How to Get Started in Saltwater Fly-Fishing

It May Be Easier To Start Than You think.

Saltwater fly-fishing gets a lot of press. An exciting branch of our sport it is too. Marlin on a fly rod -  tuna, sharks and yellowtail kingfish  too. But maybe all these stories of going toe to toe with big game fish on the specialist gear required, rather than encouraging people into this sport, has actually discouraged them?

This may be especially true when many articles talk about complicated leader set-ups and the like. Most of this stuff is about complying with the rules to register record fish. If you are not chasing records, or fishing in a contest, none of these rules apply.

A pair of average kahawai that provided great sport on a fly rod

Here is some good news – just as in all other aspects of fishing – there are horses for courses. Fact is the majority of fishermen have never, and may never, go fishing for big-game fish, whether with big-game fishing gear or on a fly rod.

In fact it is highly likely that the majority of big-game fishermen have never and will never chase big-game fish with a fly rod. Fishing for big-game fish with a fly rod is a specialised branch of a sport that is already specialised.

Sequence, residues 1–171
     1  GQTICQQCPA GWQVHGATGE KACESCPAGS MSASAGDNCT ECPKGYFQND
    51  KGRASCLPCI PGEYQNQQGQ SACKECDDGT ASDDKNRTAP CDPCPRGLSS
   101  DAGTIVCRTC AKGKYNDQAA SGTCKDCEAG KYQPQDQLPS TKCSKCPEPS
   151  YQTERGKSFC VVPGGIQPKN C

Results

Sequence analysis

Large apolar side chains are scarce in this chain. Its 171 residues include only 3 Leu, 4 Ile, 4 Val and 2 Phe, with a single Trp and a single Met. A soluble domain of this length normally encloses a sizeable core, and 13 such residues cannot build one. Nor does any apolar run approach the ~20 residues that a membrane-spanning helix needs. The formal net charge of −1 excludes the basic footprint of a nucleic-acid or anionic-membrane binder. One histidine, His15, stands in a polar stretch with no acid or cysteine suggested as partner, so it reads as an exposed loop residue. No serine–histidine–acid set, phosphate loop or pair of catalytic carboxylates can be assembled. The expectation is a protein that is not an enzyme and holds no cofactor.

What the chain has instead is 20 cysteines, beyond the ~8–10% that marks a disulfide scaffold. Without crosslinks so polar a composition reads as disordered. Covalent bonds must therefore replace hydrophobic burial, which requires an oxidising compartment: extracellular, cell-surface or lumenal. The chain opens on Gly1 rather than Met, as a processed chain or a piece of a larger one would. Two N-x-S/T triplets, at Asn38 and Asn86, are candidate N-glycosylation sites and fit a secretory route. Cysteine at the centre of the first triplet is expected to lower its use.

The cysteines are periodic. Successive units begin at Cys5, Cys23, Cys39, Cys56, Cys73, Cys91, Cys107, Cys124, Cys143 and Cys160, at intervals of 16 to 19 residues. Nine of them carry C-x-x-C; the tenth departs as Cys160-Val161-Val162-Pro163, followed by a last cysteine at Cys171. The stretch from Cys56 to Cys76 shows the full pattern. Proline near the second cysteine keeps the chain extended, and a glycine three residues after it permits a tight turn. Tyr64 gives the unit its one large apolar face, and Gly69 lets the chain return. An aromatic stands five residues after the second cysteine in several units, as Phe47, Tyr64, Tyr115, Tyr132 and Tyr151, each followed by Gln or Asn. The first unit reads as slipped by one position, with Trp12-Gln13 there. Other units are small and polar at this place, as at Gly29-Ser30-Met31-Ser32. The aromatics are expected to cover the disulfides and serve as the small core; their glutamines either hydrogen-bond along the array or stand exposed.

Salt water fly-fishing is not necessarily about catching big-game fish on fly rods: for most, it is about catching exciting fish like kahawai, trevally, snapper and  smaller  yellowtail kingfish on fly rods.

Here is some even better news – the gear for catching these exciting fish can be the same gear that you could use to catch trout as well.

Here is what you need to chase snapper, kahawai, small kingfish, trevally, and the like in salt water.

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Posted by Tony Bishop